Riding Niels’ standout performance and a pocket Anivia, Origen down Flash Wolves

If you hadn’t heard, the bird is the word at the League World Championship.

If you hadn’t heard, the bird is the word at the League of Legends World Championship.

European side Origen advanced to the semifinals today by beating Flash Wolves in a 3-1 series in large part thanks to the contributions of the game’s bird champion, Anivia.

The Europeans won all three games where mid laner Enrique “xPeke” Cedeño Martinez took the Cryophoenix into the rift. He’s the only player who has wielded the frozen bird at Worlds. But Origen has proven an icy blast from the past is effective, playing a slow style similar to that popularized by the original Anivia master himself, Henrik “Froggen” Hansen, and his Counter Logic Gaming EU teams of yore.

In an event that’s shown record fast game times, Origen won a series where every match lasted more than 40 minutes with only 91 kills between both teams. All in all it was an unexciting, but effective, way to win the games.

With Anivia clearing minion waves instantly, slowing the enemy team and walling them off, there may not have been plenty of action. But we still got to see some great play.

In the first game, Origen jumped ahead by scoring early kills in the bottom lane, first with an impressive all-in from Jesper “Niels” Svenningsen and Alfonso “Mithy” Aguierre Rodriguez and then with help from their two teleporting solo laners. But Flash Wolves bounced back, building a gold lead in large part due to the LeBlanc play of Huang “Maple” Yi-tang, whose picks allowed his team to make headway against the Europeans. But at the 31 minute mark, with a 4.1k gold lead, disaster struck in the Baron pit for the Taiwanese team: Paul “sOAZ” Boyer dunked his way to a Darius pentakill, swinging the match into Origen’s favor.

The second game was more comfortable for Origen, right out of that CLG.EU playbook featuring Anivia. They simply pushed towards down methodically to build a big lead, despite giving up a couple kills here and there. At the 28 minute mark, Flash Wolves actually turned things around with a big team fight win at Baron, Maple’s Viktor pushing out impressive amounts of damage, but Origen and Niels’ Kalista were still too much.

Flash Wolves made a bit of a comeback in game three, winning a comfortable game on the back of Hsiung “NL” Wen-an’s Caitlyn. But xPeke had picked Orianna instead of Anivia. When he went back to the bird in game four, Origen managed a comfortable, if slow-paced, victory of their own, farming until late and allowing Niels on Jinx to tower push to victory. It often seemed that Flash Wolves were ill prepared to deal with what Anivia, a decidedly out-of-meta selection, brings to the table. Her wave clear and zoning are some of the best in the game, and the Taiwanese team failed to properly react to her with their item selections and playstyle.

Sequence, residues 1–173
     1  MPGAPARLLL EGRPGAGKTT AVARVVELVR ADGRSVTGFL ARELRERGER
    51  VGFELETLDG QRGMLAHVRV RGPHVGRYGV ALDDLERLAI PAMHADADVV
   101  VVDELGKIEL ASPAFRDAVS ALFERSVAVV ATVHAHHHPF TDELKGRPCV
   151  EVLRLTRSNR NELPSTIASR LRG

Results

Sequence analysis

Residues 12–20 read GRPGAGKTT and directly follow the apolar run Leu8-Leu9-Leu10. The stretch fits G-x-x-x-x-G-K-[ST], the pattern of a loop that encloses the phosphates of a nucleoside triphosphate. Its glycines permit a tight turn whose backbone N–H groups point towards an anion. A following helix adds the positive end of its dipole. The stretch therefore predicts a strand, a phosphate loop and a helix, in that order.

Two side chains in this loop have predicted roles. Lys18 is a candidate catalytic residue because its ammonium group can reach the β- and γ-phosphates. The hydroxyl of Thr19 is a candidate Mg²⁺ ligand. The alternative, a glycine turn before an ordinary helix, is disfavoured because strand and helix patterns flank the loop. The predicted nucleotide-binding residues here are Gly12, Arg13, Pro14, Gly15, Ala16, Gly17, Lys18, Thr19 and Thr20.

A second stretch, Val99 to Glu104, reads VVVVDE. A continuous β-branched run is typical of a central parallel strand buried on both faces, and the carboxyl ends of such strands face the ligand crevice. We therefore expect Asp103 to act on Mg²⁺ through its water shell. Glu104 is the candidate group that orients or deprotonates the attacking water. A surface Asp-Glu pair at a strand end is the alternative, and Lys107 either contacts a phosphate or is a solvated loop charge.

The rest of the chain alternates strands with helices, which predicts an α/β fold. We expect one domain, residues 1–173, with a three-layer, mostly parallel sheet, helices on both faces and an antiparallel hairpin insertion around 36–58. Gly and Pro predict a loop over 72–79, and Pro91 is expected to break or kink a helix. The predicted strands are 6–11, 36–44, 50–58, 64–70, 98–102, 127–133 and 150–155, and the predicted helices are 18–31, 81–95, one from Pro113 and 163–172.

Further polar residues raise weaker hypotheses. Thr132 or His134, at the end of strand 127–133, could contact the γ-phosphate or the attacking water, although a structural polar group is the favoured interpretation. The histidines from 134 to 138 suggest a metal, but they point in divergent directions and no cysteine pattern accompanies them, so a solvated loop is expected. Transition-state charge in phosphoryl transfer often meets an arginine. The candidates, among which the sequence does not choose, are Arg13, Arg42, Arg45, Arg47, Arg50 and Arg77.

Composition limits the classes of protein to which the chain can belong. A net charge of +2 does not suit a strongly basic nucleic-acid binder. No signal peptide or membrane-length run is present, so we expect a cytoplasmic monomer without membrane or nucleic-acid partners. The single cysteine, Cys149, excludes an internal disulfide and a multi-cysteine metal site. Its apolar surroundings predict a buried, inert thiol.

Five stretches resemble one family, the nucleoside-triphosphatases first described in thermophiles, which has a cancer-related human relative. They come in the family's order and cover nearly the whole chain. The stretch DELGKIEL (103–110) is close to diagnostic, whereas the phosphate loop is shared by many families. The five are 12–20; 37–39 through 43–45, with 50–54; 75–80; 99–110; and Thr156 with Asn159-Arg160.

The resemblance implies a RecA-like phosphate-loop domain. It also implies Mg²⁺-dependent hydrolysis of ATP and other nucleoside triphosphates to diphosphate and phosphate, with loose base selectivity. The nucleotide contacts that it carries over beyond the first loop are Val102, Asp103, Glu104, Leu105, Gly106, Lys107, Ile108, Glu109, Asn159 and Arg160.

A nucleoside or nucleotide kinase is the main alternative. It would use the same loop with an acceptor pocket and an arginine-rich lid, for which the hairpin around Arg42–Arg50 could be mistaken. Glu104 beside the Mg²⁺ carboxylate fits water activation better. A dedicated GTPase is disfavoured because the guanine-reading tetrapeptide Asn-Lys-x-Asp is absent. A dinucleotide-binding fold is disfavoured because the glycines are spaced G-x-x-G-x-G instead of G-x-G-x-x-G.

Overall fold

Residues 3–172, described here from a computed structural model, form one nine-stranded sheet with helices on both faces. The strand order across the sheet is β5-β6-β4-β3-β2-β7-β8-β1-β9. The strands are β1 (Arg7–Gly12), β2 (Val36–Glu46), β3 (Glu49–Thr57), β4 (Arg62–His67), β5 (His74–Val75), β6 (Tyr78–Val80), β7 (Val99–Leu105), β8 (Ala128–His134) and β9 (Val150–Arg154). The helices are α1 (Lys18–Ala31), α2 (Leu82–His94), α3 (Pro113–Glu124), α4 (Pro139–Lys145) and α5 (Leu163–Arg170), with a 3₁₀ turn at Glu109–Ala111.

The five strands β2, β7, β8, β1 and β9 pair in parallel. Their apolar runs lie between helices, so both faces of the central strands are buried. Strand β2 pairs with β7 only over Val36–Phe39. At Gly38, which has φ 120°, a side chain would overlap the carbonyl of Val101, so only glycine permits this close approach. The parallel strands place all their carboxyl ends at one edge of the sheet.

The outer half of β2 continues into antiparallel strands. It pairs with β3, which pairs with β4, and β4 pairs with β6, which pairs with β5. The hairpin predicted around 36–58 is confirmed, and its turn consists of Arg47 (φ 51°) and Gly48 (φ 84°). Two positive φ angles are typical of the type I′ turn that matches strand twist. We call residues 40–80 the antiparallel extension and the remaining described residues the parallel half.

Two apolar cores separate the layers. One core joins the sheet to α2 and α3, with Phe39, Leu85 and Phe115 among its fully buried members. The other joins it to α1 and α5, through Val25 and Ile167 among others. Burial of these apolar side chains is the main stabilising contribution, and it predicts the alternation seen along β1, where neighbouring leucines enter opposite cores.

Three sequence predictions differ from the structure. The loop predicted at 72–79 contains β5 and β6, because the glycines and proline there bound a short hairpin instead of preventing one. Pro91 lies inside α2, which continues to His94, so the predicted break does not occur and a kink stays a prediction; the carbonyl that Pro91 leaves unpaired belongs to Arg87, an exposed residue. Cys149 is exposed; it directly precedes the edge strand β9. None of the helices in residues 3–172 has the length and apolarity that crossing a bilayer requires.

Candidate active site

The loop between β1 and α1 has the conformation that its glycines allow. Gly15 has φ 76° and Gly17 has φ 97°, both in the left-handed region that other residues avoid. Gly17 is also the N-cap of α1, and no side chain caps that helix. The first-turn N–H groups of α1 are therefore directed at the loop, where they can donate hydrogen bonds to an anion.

When xPeke and Niels took the stage for their post-game interview, they could barely get a word in edgewise as the home crowd in London gave the Europeans ovation after ovation.

The team captain xPeke and his long-time top laner sOAZ are now the only two players in League of Legends history to ever reach three semifinals at the World Championships. But even with all that experience, xPeke says he was nervous against Flash Wolves, even after earning a two-game lead. Still, the team made good calls and pulled out a victory, he said, even if Maple’s LeBlanc gave them trouble in game one.

Now the team must prepare for a semifinal where they’ll battle the winner of tomorrow’s match between SK Telecom T1 and ahq eSports Club. Everyone expects Korean titan SKT to advance, a heavy favorite to win the entire event. But Origen will be waiting for them, and with at least one advantage—an extra day of preparation. They’ll need to make that count before next week.

Player of the Series: Jesper “Niels” Svenningsen, 20/5/13 KDA, 744.6 DPM

In many ways Origen’s rookie had it easy. Origen built multiple compositions around him, giving him support top laners and a mid laner who can disengage and slow for him. But there’s a reason why they were willing to put all their hopes on a player who, just one year ago, had never played on stage.

The AD carry acted as the team’s primary damage source in every game they played, and in games one and two, with Sivir and Kalista, he pulled off some amazing individual plays.

Of course, in many ways his play was par for the course. Niels has proved to be one of the most consistent performers over the League Championship Series (LCS) season, and he’s maintained that attribute in the playoffs and beyond as Origen made their run to qualify for Worlds and then succeed at it.

If Origen hopes to advance any further, Niels must again put together a superlative performance. Whether they face SKT or AHQ in the next round, the bottom lane will be the place best equipped for Origen to leverage a carry performance. And from everything we’ve seen, there’s no reason to doubt Niels won’t provide one.

Play of the Series: sOAZ’s Pentakill

Not only did sOAZ score a rare pentakill, a play that’s always guaranteed to make the highlight reel, it was also a key turning point in the pivotal first game of the series. After falling behind by 4.1k gold, Origen needed a big play to come back, and their top laner provided.

Check out a highlight view with a slick rotating camera:

Tomorrow, ahq eSports Club and SK Telecom T1 will face off at 11am CT to decide Origen’s semifinal opponent. On Saturday, Fnatic will face EDward Gaming in China’s last stand at 8am CT. Sunday features a Korean bout when KT Rolster and KOO Tigers battle at 8am CT. 

Photo via Riot Games/Flickr